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Who is Moir?

Moir’s iconic guidebook has accompanied trampers in the backcountry for nearly a century. Photo: Matthew Cattin

Moir’s Guide Book is an iconic piece of backcountry literature that has facilitated adventures for nearly a century. But who is the book named after?

When it comes to backcountry guidebooks, one name stands above all others – Dr George William Moir.

For 94 years, the mountaineer’s guide to the southern wild has been stowed away in the packs of adventurers and inspired countless expeditions from its place on the bookshelf.

Originally published as Guide Book to the Tourist Routes of the Great Southern Lakes, the title was revised to the iconic Moir’s Guide Book in 1948, and later divided into the north edition, covering Lake Ohau to the Hollyford, and the south edition, covering tracks south of the Hollyford.

Moir’s Guide South editor Robin McNeill says the Moir name is now so synonymous with the guides, readers have believed the original author to be still alive, but Moir died in 1978.

“People would keep writing to Dr Moir well after he died,” says McNeill.

McNeill is far from annoyed at the mistaken identity, however. He likes to think it gets him off the hook with confused trampers, cursing “bloody Moir” under their breath as they consult the trail notes.

Geoff Spearpoint – an editor of Moir’s Guide North – says Moir’s name lends credibility to the title, and it has become a trusted brand for Kiwi trampers.

“It’s got a street cred which differentiates it, and there are a lot of people for whom Moir’s is the bible,” he says.

The man behind the name – George William Moir – was born in North Otago in 1897. He attended Otago Boys High School, and in 1917, enrolled at Otago University.

His studies were sidelined by the First World War, and Moir completed service in the New Zealand Expeditionary Force between 1918 and 1919. Once home, he completed his Bachelor of Science and continued on to earn his Masters with first class honours in chemistry.

It was during this time of academic exploration that he took his first forays into the Southland mountains, for pleasure and for work.

Employed by the Tourist Department, Moir was involved with a team cutting tracks from Monkey Creek to the foot of the Homer Saddle, from Milford Sound into the Cleddau and Gulliver valleys, and in the Hollyford area.

In the years that followed, his thirst for tramping and climbing saw him summit Mts Barrier, Crosscut, Talbot, and Students Peak, as well as climbing the virgin peaks of Mt Park and Mt Christina.

His exploration sparked an idea for Moir and resulted in his first published guide in 1925 – the same year in which he joined the New Zealand Alpine Club, with which he remained a member for life.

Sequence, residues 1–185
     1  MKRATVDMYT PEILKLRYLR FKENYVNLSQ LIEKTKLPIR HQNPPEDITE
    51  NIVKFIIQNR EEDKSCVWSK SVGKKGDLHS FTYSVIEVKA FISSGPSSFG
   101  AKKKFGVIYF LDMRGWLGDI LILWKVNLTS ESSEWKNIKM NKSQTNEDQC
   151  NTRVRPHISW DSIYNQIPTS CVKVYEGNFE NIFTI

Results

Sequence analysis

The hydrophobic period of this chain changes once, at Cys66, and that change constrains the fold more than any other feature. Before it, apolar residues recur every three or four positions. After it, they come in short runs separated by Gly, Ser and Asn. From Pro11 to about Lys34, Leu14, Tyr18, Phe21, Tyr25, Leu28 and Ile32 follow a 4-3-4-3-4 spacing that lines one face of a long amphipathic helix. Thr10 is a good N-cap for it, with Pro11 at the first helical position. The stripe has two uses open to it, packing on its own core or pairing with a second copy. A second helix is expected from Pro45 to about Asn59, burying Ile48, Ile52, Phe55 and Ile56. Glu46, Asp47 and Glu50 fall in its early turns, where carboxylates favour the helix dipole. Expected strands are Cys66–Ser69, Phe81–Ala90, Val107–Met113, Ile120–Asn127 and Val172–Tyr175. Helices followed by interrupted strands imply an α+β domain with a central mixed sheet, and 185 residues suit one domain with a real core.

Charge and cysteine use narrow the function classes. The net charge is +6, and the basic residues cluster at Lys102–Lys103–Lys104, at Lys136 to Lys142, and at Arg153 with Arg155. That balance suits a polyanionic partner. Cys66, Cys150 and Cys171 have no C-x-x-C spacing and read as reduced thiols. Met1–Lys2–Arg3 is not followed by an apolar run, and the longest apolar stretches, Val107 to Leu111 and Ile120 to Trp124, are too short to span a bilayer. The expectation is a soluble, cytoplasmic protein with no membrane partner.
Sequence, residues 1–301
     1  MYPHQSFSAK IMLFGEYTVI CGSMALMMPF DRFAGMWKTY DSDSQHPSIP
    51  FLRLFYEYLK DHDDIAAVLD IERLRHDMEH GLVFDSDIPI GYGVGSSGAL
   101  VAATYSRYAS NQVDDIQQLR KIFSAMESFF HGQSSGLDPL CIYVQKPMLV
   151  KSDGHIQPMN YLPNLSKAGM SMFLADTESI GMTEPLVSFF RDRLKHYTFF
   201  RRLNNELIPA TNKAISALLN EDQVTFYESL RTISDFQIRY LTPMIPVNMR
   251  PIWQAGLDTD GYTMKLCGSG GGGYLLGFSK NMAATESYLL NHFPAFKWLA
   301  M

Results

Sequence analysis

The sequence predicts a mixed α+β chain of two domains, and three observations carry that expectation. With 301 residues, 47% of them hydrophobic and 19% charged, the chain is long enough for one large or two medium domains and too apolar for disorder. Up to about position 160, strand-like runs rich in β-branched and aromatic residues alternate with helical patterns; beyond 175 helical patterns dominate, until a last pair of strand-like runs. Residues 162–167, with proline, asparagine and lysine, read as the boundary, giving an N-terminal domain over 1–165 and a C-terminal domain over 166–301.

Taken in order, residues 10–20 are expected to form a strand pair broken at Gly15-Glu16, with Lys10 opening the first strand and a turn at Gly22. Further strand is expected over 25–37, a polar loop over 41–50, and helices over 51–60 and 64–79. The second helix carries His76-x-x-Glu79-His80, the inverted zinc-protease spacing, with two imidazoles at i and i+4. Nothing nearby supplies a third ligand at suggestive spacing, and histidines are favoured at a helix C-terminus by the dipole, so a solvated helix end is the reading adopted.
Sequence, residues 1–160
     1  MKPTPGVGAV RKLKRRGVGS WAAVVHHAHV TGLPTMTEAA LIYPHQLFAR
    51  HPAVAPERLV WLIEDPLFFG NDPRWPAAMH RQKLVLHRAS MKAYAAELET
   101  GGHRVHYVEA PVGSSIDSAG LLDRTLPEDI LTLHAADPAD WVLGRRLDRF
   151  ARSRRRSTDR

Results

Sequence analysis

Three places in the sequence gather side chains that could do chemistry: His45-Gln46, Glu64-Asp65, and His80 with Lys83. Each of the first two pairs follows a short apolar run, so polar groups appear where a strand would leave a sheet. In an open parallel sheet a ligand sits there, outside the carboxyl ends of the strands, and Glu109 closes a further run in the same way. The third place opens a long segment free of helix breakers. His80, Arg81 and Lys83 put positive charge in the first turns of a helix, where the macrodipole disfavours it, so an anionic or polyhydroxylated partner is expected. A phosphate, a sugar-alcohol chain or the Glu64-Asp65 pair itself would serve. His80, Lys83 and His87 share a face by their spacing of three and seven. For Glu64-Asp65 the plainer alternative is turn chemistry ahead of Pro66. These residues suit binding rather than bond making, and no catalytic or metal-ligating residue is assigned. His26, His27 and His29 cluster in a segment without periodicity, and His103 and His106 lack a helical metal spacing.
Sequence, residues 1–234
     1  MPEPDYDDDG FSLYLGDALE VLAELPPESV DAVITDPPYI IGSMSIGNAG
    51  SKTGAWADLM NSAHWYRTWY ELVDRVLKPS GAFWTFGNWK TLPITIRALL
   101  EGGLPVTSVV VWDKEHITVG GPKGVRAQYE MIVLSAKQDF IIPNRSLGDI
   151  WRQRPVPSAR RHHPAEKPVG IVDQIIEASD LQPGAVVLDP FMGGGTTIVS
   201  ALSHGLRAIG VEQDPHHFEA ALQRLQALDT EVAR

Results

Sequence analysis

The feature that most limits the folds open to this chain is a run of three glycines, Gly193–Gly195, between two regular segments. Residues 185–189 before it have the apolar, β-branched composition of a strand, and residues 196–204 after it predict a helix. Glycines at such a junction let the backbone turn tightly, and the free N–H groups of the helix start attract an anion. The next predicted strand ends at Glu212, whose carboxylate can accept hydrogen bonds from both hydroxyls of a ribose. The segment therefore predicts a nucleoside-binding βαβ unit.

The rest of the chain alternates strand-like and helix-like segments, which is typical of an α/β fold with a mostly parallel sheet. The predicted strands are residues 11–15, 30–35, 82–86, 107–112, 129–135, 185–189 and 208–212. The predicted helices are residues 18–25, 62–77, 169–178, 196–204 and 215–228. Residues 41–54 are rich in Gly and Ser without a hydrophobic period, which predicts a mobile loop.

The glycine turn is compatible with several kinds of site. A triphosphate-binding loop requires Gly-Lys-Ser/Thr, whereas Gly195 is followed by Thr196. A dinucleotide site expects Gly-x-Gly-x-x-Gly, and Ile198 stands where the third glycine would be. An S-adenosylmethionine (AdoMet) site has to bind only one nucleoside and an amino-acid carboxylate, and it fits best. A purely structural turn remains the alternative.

Dr George Morrison Moir is celebrated for his lasting backcountry guide books

“He was young, he was aware, and he realised that a lot of people would benefit from him writing notes and publishing them, so he did that,” Spearpoint says.

The 90 page Guide Book to the Tourist Routes of the Great Southern Lakes included route descriptions, maps, bushcraft and tramping tips. It sold for three shillings – around $12 in today’s currency.

More study was on the cards for the tail end of the 20s, and Moir travelled to Reading, England, to complete a PhD, before returning to work in Wallaceville, Upper Hutt, where he spent 31 years with the Department of Agriculture.

The rights to his popular guide, meanwhile, were handed over to the NZ Alpine Club, which published a revised edition in 1948 under Moir’s name.

“As he got older, he realised he wouldn’t be able to keep it going, so he handed responsibilities over to the club, which appointed editors to coordinate new editions,” Spearpoint says.

Moir retired in 1962, and enjoyed a strong relationship with the alpine club into his later years – becoming a life member in 1970.

The guidebook was split into north and south editions and totally revised with modern language and current maps and routes.

“I started out trying to update it based on the original layout and text, but it became a dog’s breakfast,” Spearpoint remembers. “I had to make the decision to abandon what had been written and re-write the whole bloody thing.”

“It was an excuse for a heck of a lot of good trips, but it was a hell of a lot of work.”

McNeill feels the continued revision and expansion of guide books can stunt exploration and overpopulate isolated areas.

“It’s come to the point where I don’t think I want to describe too many more new areas – I’ve described enough. You need to leave places undescribed,” he says.
While the Moir’s guides of today are almost unrecognisable to the original publication, the mountaineer’s legacy for exploration in the New Zealand backcountry lives on in every copy.

As an obituary in the New Zealand Alpine Journal by Charles Collins notes: ‘It was an apt comment he once made that while others leave footprints in the sands, he hoped that he may have left some in the snow.’

The depth of those footsteps today suggest Moir got his wish.

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